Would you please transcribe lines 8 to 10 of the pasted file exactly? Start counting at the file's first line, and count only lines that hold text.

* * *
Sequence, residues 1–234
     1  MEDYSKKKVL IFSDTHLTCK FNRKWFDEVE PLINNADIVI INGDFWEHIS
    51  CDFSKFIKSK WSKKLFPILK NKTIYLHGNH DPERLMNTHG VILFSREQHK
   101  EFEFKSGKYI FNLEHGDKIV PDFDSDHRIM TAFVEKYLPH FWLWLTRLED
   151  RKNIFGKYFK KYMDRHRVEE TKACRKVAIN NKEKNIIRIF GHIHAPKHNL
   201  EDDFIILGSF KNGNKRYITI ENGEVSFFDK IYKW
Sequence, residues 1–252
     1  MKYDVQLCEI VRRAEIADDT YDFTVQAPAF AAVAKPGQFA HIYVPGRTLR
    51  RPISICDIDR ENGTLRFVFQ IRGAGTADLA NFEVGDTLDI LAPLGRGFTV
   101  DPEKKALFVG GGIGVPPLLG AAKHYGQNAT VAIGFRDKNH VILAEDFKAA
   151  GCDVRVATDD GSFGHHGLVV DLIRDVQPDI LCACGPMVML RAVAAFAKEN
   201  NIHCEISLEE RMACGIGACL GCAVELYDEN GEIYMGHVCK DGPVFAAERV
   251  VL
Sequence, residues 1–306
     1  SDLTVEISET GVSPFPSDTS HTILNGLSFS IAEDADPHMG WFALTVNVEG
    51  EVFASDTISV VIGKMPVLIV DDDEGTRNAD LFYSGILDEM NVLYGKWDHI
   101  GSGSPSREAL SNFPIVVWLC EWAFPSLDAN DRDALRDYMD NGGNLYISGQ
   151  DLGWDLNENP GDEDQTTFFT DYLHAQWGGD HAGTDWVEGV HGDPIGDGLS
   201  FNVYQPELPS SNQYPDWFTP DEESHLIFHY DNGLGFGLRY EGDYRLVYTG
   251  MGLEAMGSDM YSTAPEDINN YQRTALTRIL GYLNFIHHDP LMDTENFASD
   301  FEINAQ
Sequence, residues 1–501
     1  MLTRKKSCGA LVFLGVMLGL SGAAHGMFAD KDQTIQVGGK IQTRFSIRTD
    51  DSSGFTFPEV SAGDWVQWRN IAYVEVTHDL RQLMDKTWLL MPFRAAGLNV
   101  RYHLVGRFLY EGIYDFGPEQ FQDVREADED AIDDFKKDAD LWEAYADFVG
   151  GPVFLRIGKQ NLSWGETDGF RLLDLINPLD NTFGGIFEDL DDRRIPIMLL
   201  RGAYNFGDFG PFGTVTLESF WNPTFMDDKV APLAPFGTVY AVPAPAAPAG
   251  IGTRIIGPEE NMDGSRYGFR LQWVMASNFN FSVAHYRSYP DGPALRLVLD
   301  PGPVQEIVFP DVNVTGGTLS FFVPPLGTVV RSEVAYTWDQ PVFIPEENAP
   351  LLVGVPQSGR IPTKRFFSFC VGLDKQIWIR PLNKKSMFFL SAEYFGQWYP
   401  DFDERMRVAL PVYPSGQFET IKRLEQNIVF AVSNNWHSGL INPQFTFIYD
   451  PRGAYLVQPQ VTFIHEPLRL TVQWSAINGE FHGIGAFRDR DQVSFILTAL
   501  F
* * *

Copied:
     1  MKYDVQLCEI VRRAEIADDT YDFTVQAPAF AAVAKPGQFA HIYVPGRTLR
    51  RPISICDIDR ENGTLRFVFQ IRGAGTADLA NFEVGDTLDI LAPLGRGFTV
   101  DPEKKALFVG GGIGVPPLLG AAKHYGQNAT VAIGFRDKNH VILAEDFKAA